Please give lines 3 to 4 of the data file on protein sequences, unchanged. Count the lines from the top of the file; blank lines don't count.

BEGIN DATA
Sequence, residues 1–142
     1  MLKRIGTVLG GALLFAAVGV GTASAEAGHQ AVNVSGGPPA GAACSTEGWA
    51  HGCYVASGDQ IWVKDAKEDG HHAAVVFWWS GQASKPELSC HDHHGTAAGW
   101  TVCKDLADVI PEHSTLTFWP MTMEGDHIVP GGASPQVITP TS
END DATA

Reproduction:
    51  HGCYVASGDQ IWVKDAKEDG HHAAVVFWWS GQASKPELSC HDHHGTAAGW
   101  TVCKDLADVI PEHSTLTFWP MTMEGDHIVP GGASPQVITP TS